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The Ortonville Independent
Ortonville, Minnesota
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June 22, 2010     The Ortonville Independent
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June 22, 2010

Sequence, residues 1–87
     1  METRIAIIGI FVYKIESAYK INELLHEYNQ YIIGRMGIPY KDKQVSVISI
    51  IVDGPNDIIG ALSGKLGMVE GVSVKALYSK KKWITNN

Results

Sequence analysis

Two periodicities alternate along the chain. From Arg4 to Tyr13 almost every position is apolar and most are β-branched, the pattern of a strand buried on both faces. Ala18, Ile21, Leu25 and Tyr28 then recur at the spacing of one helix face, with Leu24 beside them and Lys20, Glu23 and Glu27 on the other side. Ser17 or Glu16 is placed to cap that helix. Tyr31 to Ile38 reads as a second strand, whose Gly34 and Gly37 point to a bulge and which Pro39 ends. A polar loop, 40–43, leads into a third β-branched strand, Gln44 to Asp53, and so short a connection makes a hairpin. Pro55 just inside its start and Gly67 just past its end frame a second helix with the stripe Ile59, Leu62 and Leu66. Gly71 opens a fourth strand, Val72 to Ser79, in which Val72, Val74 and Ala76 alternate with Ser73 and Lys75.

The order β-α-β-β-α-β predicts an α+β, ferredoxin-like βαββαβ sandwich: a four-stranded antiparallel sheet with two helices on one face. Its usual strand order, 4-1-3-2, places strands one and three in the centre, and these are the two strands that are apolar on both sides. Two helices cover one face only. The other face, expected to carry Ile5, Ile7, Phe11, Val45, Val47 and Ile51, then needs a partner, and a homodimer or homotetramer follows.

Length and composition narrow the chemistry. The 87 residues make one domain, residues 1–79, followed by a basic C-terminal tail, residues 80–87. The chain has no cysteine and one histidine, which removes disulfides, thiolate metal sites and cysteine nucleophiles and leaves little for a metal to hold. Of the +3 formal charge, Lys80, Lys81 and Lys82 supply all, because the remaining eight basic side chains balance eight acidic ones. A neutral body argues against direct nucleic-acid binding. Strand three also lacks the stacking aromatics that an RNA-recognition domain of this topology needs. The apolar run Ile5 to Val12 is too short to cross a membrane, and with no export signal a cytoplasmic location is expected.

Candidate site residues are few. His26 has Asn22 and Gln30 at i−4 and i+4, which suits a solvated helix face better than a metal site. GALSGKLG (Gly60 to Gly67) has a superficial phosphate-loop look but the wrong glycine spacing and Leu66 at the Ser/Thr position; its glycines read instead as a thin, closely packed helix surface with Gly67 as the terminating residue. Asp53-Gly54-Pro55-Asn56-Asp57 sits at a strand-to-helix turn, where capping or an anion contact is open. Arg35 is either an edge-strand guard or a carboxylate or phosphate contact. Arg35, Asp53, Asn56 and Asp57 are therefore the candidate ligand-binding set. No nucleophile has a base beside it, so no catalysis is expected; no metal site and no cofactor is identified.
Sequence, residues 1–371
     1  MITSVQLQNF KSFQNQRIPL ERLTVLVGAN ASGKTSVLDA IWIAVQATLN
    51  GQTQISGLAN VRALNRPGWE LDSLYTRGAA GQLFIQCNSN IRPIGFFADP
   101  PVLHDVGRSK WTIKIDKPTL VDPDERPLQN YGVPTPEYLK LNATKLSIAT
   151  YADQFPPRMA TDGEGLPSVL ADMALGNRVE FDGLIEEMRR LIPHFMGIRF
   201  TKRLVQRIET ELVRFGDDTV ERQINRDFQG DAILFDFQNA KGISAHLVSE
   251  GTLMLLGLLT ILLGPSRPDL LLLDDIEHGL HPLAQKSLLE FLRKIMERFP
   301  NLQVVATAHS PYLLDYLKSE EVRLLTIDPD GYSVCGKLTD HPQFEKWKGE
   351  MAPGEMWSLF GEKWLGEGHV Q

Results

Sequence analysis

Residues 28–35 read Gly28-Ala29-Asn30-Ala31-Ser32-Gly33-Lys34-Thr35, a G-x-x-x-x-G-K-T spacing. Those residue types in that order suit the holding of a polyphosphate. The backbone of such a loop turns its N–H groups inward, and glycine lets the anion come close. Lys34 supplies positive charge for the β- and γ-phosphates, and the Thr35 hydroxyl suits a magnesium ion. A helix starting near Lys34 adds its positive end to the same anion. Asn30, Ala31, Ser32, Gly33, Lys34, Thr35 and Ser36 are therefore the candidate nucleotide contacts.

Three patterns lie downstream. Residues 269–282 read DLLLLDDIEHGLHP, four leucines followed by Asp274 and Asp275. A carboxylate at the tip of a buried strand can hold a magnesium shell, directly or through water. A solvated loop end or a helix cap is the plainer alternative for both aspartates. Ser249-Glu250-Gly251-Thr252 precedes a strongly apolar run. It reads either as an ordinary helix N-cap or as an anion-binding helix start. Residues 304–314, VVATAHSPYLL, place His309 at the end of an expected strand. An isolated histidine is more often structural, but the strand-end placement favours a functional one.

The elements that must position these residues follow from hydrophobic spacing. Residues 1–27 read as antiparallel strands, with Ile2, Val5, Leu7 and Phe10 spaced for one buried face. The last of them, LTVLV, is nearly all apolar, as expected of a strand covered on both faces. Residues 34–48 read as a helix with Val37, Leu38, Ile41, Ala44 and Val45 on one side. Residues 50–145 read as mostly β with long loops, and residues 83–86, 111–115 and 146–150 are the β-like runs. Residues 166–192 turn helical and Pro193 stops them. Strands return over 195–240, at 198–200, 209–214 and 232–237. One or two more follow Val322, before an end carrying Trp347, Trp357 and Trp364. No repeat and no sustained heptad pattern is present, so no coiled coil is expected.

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1648 *********':**'AUTO'*ALL FOR ADC 980 SMALLTOWNPAPERS 5026 CALIFORNIA AVE SW SEATTLE WA g813t2 97 Ortonville "Town with a heart" N "A Constructive Newspaper In A Live Community" N Sections 14 pages Ortonville, Minnesota 56278 Tuesday, June 22, 2010 Volume 92 Number 23 Oils i IIS TO,"I Y! T,"t, ', ,j00OL#:ERS STATE CHAMPS !i i ili!;i i i iii STATE CHAMPS! The Ortonville Trojan Golf team received a Welcome Home last Thursday night after cap- turing the Class 1A State Tournament at Pebble Creek Golf Course in Becker. Pictured above from left to right The Ortonville Trojan Boys Golf strokes, canceled giving the Trojans the title. .... are Assistant Coach Joe Berning, Head Coach Roger Sandherg, Jade Hasslen, Bryn Stock, James Nitz, Nick Giese, Charlie Stattelman and Jesse Roscoe. Frazee was the individual champion Team brought home the first team title With severe thunderstorms greeting Jesse Roscoe tied for second with with 71. in OHS history last Thursday after fir- the golfers during play the second day, last years state champion junior Dillon  ' The highest finish for an Ortonville ing at team score of 311 to defeat and most golfers not being able to corn- Schultz of Springfield individually athletic team was in 2002 when they Southwest Christian of Chaska by 10 plete their round, the second day was with a 73. Sophomore Beau Hanson of were the runners-up in the Class 1A Boys State Basketball Tournament. This was the Trojans fifth state golf tournament appearance and the fourth under the guidance of Head Coach Roger Sandberg. Sandberg is in his 35th year as golf coach for OHS. Inside this edition, you will find more information on this year's tour- nament and also a special section salut- ing this year's state golf champions. C, 00unty project bids oPened City Clerk Office to Big Stone City Anni move this Friday Committee to meet 00ersa00y at B o a r d M e et i n g I a s t u e s. Omrtonv;l;aCfltkrOmffoirCy . Big Stone City's 125th the vintage clothing contest and the for this area, were present to update the board on various projects and events that will be taking place this summer. Sousa stated that the 4-H members are preparing for the Big Stone County Fair, Aug. 4-8. She also stated that they will holding and Underwater Ro- botics training on July 19. They will be having Summer Day Camps and much more. McNeil and Sousa both stated that they are hoping to have many more events for the 4-H youth and encourage anyone that is interested in 4-H to get involved. The next County Board Meeting will be on Tuesday, July 6 at 8:30 a.m. in the Board Room of the Courthouse. Bids were opened for various proj- ects that will be going on in the County at the County Board Meeting held on Tuesday, June 15. County Engineer Nick Anderson opened the bids for a box culvert re- placement that will take place three miles north of Correll. The three bids received for the project were: -Commerford Gravel Inc. of Dan- vers for $148,124.45. -Landwehr Construction, Inc. of St. Cloud for $147,483.89. -States Border Turf of Graceville for $129.057.45. Awarding the bids will take place at the next Board meeting. Bids were also opened for three projects that include paving from Beardsley to Trunk Highway 7; Mill Overlay for County Road 78 and re- construction of Dixon Street in Or- tonville. Three bids were received for these projects. They include: -Bituminous Paving of Ortonville for $1,301,803.25. -Central Specialties, Inc. of Alexan- dria for $1,213,480.77. -Mark Sand and Gravel of Fergus Falls for $1,476,830.25. Bids will be awarded at the next County Board Meeting. In other business, Suzanne Sousa, Big Stone County 4-H Coordinator and. Brian McNeil 4-H Extension Educator to celebrate 125th Trinity Lutheran church Walter Township iiii!!iiii iiii iiiiiiiiiii iii!ilililil i. THE CONGREGATION of Trinity Lutheran Church Walter Township invites the community to join in the celebration of their church's 125th anniversary. They are planning the major part of Anniversary Committee will be hav- parade entry judging. the move this Friday, June 25, which means the Clerk's office will be closed on that day. Music this Friday at Central Park This Friday, June 25, Central Park Restoration is featuring the Melody Kings Jam Session at 7 p.m. in Central Park with local singers Kaylee, Adam and Kara Helgeson. Come and enjoy the sounds of music and laughter. Homemade pies, along with Schwan's ice cream will be available for a free will offering. ing its next meeting on Tuesday, June 22 at 7:30 p.m. at the Senior Citizens Center and everyone is welcome to attend. The 125th Anniversary of the incorporation of Big Stone City, SD will be clebrated July 9-11. They still need teams for the Chili Cook-Off. Any youth wanting to paint a barrel for the contest may pick a barrel up at the Shop in Big Stone City during business hours. They can still use volunteers to work the souvenir shop. Call Fay Athey at 605-862-8529. Volunteers are also needed for the Information booth. If you can help call Pat Kaiser at 605-862-8346. Don't forget about Anyone interested in having a unit in the parade may still contact Bill Wiik or Rick Barhardt. The parade will take place on Sunday, July 11. Vendors for craft/food booths should contact Phyllis Lieb or Pat Kaiser. Raffle tickets are-available at the Souvenir Shop for a limited edition rifle and general raffle tickets. Cookbooks and history/memory books are available at most business- es in both Big Stone City and Ortonville. Many events are planned through- out the weekend so make your plans to attend Big Stone City's 125th Anniversary, July 9-11. FLAMINGO'S HAVE BEEN MAKING THEIR WAY THROUGH BIG STONE CITY, SD over the past several weeks as the community prepares for the 125th Anniversary of incorporating the cities of Big Stone City, Inkpa City and Geneva, July 9-11. Residents who did not purchase insurance to have the flamingo's on their land must pay $20 to have them removed, but they will also be able to send them to the yard of their choice. Huebner recovering at Regions after train accident Carlos Huebner, 29, of Big Stone City, SD is recovering at Regions Hospital in St. Paul from severe injuries sustained after being struck by a Burlington Northern Santa Fe train on Sunday, June 13. He is cur- rently listed in critical condition. The accident occurred just west of the Highway 12 underpass in Ortonville. According to BNSF Public Affairs Director Amy McBeth, at about 3:30 a.m. June 13 a west- bound train hauling various freight, traveling from Willmar to Aberdeen, stopped after being flagged down by a companion of Huebner. The train crew and companion assisted Huebner at the scene. Prior to the westbound train, there was an eastbound train hauling ethanol, traveling from Aberdeen to Wilhnar. At this point, said McBeth, the investigation is ongoing and it is unclear how Huebner was injured. According to Carlos Huebner's Journal on the CaringBridge.org web- site, Huebner has undergone surgeries and is expected to have back surgery sometime next week if he is in stable condition. His family is grateful for all the thoughtful acts of kindness and endless prayers. They ask that the prayers continue for strength and (Continued on Page Three) Members of Trinity Lutheran Church, LCMS, rural Bellingham, will be celebrating the church's 125th Anniversary this Saturday and Sunday, June 26 and 27. The congre- gation invites the public to take part in their worship and festivities to be held both days.. Trinity Lutheran is located four miles west of Bellingham on County Hwy 30 and one-mile South on County Hwy 3. The theme for the anniversary is taken from Psalm 100:4 "Enter His gates with thanks- giving." Trinity Lutheran was organized on May 25, 1885, in the home of Fred Rosenwald, under the leadership of Pastor Pfotenhauer, and it consisted of 13 members. A church 18 x 28 x 10 with a 20-foot steeple was built that summer, and dedication services were held on July 26. In 1890, a par- sonage was constructed and Pastor Julius Frick was the first pastor to reside in that house. In 1897, a new Church was built, and the former church was used as a parochial school. Many of the children, who attended the school, completed their entire education there. Over the years, there have been updates and changes to the property and buildings: A new House of Worship in 1941; new parsonage in 1948; and new education unit 1964. (Continued on page 3)